Overriding our bodies clock with caffeine and long hours does nothing but harm. Therefore, schedule your day based on 90 minute work cycles and periodic recovery periods, in which you relax, nap, exercise, or detach from the puritan impulses within ;)
You can read in full here: Relax, you'll be more productive, By Tony Schwartz.
Here's another review with a twist at ChaseJarvis.com:
And a 90 min Daily Planner from Chase and his friend Ben;
(Tip: Print and Laminate for use with a dry erase marker):
In summary, to be more productive and live a fulfilling life:
Find what you love, love what you find, plot your course, get help, and breathe deeply.
Some food for thought.
Great people unite.
Another gem from Chase Jarvis Live. In this episode, Chase interviews the brilliant author of books like "POWER," "WAR" and "SEDUCTION," Robert Greene, to discuss the principles outlined in his latest book "MASTERY."
MASTERY is a beautifully written piece of non-fiction, exploring the lives of historical and present day masters from Leonardo Divinci to Temple Grandin, Albert Einstein to V.S. Ramachandran, and Mozart to Yoky Matsuoka, while providing practical advice on how to chart your own personal path to mastery.
In this interview, Greene and Jarvis explore these principles as they relate to creative professionals striving to realize their fullest potential.
Close your eyes and envision your future-self telling the story of your life and the skills you possess. What are those skills? Who are the masters you can learn from? What can they learn from you?
Great people unite.
Dr. Ernesto Sirolli is the father of Enterprise Facilitation® at his namesake non-profit The Sirolli Institute. He is an expert in the field of sustainable economic development, and one of my personal heroes.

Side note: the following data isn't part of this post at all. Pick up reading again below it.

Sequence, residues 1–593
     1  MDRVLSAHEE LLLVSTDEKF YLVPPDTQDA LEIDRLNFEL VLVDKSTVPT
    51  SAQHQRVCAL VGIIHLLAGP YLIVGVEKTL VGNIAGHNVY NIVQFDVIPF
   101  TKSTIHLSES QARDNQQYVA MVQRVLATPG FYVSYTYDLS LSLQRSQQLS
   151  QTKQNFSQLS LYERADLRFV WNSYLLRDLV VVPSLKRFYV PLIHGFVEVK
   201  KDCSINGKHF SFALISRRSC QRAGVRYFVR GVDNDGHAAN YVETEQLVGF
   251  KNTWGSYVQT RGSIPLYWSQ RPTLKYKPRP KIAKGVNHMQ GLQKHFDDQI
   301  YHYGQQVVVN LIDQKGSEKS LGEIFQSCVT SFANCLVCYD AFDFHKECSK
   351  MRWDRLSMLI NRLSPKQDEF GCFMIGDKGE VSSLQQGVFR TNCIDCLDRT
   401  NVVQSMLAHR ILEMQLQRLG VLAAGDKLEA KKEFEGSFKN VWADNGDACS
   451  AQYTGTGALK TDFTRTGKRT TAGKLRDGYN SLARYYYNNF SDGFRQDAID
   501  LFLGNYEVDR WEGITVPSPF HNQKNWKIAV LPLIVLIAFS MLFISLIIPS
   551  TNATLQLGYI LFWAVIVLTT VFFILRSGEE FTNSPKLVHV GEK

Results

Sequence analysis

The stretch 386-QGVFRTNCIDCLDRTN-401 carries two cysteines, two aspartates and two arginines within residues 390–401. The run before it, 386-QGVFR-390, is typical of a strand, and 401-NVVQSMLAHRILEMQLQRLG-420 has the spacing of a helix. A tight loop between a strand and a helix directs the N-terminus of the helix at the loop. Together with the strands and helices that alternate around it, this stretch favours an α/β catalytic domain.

In this November 2012 Ted Talk, Dr. Sirolli charmingly explains, what I feel, is the purest approach to consulting. In short:
Dr. Sirolli goes on to stress that every entrepreneurial venture must possess:
In closing, identify your strengths, look to your community for resources to help compensate for your weaknesses, and seek counsel from those willing to shut-up, listen and help.
-Great people unite.
Creativity is a currency, and by applying fundamental business tactics to the process of sharing your "art," you can dramatically enhance its impact. Click the image on the left to hear author and business guru Ramit Sethi and photographer/entrepreneur Chase Jarvis discuss this and more on his self-titled show, Chase Jarvis Live. Here are a few nuggets of wisdom from their conversation:
We know our mind changes our bodies, but can our bodies change our minds? As individuals developing our passions and building our communities, our conscious awareness affects our reality.
Take a look at how posture, non-verbal gestures, and body language affects the way we are perceived by others and, more importantly, the people we are becoming.
Great people unite.
Remember that blissful excuse to roll down a grassy hill or draw to your hearts content, for no objective reason other than enjoyment?
How powerful those moments were in our development as artists and creative thinkers. How quickly it seems they were replaced by the “responsibilities” of our professional lives.
How can we bring back play time? More importantly, how can we bring the spirit of playtime into our work?
As Jessica Walsh, of the World famous design firm Sagmeister & Walsh, elegantly quoted "The heart of creative work is purposeful play. Play is really a flow state, where we’re reaching this optimal balance of opportunity and challenge given our skill sets. It is the ideal human state, completely absorbed in the activity at hand."
Check out Jessica's full interview, plus an intimate look into her irreverent and insightful business partner Stefan Sagmeister at The Creative Business blog PSFK.com (A rich source of artfully entrepreneurial treats).
In closing, be free to play. To bring bad ideas to the table. To laugh at yourself. To get lost in the engrossing experience of the task at hand, as only you can.
Play time is now.
Great people unite,
P.S. If you are in New York City next Thursday April 4th, and are interested in seeing some purposeful play in action, visit www.artbattlesu.com to RSVP for an evening of unfiltered creative energy.
An inspiring Ted Talk on the creative process from "Eat, Pray, Love" author Elizabeth Gilbert.
How can we manage the inherent emotional risks of creativity?
Separate your self from "the divine attendant spirits of creativity."
Show up and do the work.
"Inspiration exists, but it has to find you working." - Pablo Picasso
-Great people unite.